There is a new, growing trend in the world of IT. Hyperconvergence is a word that is gaining steam and getting many IT managers excited. It’s a new approach to managing data centers that is so revolutionary, even small businesses are getting into the game. Take a minute to learn about hyper-convergence. It might be just the hook you need to transform your own tech infrastructure into something more powerful, more competitive and more affordable.
What Is Hyperconvergence?
Hyperconvergence infrastructure (HCI) is an IT framework that aims to combine computation, storage, and networking into one system. The goal is to reduce complexity within the infrastructure and increase flexibility and scalability. More often than not, hyperconvergence is achieved by consolidating hardware, but there are software solutions that can bring existing hardware systems into an HCI framework. Regardless of the method, the goal is to make the components within HCI (networking, computation, and storage) inseparable. This makes adding nodes or modules easier and reduces resource expenditure.
How Does It Aid Infrastructure?
While HCI can involve complex software within its implementation, the purpose is to simplify a data center in design. All of the components of the framework are integrated and managed as a single system. This is how HCI promotes simplicity to reduce management strain. Additionally, a data center can start smaller and add units as they become needed.
Here’s another way to look at it. Any time you need to add networking capacity, computational power or storage to an HCI data center, you simultaneously scale all three. Moreover, this is done by adding a single hardware unit to the system. This dramatically reduces labor efforts, increases flexibility within the system and reduces the total resource investment for maintaining the data center. The a la carte design requires less power, cooling, and space than traditional designs.
How Does Resource Allocation Work?
HCI makes huge gains in the management philosophy. While there are many ways to approach resource allocation, one popular method is with software-defined data center protocols. Under these protocols, program demand defines resource allocation rather than the static design of the system schematic. It’s easy to see how this improves flexibility and allows an HCI framework to handle a wider range of applications.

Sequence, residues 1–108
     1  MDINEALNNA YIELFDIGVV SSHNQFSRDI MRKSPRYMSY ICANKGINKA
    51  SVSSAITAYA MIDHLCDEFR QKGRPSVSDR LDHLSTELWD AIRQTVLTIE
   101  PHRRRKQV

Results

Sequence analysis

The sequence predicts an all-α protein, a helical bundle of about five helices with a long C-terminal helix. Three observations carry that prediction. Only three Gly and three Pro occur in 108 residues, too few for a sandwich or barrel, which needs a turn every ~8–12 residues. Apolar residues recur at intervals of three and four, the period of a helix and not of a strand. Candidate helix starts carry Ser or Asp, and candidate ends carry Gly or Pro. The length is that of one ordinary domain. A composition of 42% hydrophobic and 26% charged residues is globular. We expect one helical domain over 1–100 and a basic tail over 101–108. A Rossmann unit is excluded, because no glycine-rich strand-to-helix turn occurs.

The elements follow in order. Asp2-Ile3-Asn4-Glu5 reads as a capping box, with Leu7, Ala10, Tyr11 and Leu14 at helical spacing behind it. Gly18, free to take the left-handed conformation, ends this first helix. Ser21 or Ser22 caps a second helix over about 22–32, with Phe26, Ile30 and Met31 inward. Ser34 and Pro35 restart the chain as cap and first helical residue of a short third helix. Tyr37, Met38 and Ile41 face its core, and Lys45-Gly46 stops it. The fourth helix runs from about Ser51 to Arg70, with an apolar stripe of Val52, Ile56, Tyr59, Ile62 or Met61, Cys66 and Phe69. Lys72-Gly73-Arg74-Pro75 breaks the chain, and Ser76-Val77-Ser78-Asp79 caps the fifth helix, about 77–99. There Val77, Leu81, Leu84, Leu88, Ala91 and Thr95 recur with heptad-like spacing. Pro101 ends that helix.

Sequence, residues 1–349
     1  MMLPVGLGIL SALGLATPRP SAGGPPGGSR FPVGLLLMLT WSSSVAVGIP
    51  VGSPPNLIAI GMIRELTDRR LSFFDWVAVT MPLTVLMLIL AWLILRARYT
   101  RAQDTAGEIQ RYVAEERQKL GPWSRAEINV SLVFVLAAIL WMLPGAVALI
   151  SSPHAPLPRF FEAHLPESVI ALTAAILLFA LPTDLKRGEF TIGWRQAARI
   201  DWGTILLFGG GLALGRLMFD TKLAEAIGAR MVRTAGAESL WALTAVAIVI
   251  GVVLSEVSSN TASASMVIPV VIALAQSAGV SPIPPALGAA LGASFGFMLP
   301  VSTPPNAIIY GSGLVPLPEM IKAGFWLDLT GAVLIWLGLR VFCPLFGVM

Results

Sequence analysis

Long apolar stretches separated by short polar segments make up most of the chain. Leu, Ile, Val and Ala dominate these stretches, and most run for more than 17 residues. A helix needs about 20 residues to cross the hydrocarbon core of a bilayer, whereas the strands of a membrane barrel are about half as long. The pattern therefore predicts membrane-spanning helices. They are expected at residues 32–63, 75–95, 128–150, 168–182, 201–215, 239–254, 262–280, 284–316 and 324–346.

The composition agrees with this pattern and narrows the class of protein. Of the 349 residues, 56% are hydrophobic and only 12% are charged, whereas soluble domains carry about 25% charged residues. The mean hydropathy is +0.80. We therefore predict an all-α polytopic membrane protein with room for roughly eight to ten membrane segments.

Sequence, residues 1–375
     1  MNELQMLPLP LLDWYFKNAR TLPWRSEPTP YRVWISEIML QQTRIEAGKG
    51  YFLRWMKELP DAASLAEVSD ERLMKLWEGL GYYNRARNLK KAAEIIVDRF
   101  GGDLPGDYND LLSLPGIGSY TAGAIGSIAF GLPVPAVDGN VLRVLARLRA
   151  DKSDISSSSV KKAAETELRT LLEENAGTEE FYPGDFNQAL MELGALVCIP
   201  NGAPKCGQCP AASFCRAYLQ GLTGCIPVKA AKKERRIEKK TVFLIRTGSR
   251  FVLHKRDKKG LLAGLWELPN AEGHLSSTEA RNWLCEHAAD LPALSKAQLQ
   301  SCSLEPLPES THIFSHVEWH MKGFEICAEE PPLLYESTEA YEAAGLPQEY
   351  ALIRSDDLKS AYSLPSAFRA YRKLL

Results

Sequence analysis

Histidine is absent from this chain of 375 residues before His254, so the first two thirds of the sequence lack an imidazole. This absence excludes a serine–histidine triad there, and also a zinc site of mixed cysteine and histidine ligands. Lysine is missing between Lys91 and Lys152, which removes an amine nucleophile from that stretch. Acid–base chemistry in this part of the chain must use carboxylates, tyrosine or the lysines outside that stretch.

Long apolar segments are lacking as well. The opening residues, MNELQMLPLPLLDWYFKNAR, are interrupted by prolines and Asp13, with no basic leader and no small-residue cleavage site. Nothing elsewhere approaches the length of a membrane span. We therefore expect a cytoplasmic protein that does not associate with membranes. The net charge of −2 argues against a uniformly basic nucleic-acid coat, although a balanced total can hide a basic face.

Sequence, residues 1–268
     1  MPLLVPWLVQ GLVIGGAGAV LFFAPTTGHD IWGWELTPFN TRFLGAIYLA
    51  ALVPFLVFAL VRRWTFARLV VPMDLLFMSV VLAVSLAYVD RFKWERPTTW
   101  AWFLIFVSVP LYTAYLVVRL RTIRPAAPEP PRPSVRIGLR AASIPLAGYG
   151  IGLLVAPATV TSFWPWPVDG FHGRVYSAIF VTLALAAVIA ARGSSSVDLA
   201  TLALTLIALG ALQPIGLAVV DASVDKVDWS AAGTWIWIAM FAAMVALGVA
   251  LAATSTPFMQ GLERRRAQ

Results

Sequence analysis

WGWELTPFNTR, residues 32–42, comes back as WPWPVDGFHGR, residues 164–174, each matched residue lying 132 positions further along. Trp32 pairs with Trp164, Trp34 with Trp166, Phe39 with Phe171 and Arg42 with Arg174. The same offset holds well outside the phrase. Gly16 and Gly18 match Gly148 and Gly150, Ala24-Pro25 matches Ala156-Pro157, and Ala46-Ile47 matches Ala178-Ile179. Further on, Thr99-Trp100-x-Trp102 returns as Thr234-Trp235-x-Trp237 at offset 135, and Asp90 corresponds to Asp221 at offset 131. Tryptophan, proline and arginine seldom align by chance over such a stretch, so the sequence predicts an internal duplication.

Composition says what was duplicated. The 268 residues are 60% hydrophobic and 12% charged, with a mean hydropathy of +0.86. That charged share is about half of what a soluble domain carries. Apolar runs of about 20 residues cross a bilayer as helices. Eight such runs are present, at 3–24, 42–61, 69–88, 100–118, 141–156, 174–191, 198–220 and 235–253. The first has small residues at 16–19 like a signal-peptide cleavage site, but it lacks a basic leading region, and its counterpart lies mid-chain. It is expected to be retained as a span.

Now, software-defined allocation is not the only way to achieve hyperconvergence. It’s just an example that highlights the importance of consolidating resources under a model that prioritizes workload over schematics.
Can Any Framework Convert to Hyperconvergence?
Generally speaking, yes. HCI was originally conceptualized to serve virtual desktop infrastructure (VDI). Today, VDI is only the fourth most popular framework served by HCI vendors. Modern iterations of HCI design have freed it from dependence on predictable scalability.
The most popular systems that implement HCI are databases, file and print services, collaboration (such as with Exchange or SharePoint), VDI, commercial package management (including SAP), and analytics. That covers a huge base, and it is far from an exhaustive list of possible applications.
Hyperconvergence is redefining the landscape of data centers. Not only does HCI efficiency lower the cost of cloud and MSP services, it places the power of local data centers in the hands of even the smallest businesses. The absolute scalability makes HCI designs impressively accessible. Now that you know about it, how will you make HCI work for you?
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About the Author: Jeff Poirior
Jeff brings 25 years of telecommunications and information technology management experience in voice and data networking, server support, and telephony and security; with a significant emphasis on customer service. Prior to joining Valicom, he was chief of the infrastructure support section for the Wisconsin Department of Transportation. Jeff was the vice president of operations for CC&N, overseeing telecommunications, help desk, data and desk side support services. Prior to that, he served as the associate director of technical resources for Covance, responsible for managing systems and network operations supporting 1700 users in Wisconsin and Virginia. He has also led data center operations at Magnetek Electric, supporting mainframe systems, client/server applications, telephony systems, and computer-aided design. Jeff holds a bachelor’s degree in business administration from Cardinal Stritch University and a master’s degree in business administration from University of Phoenix. In addition, Jeff is a past board member of the Wisconsin Telecommunication Association.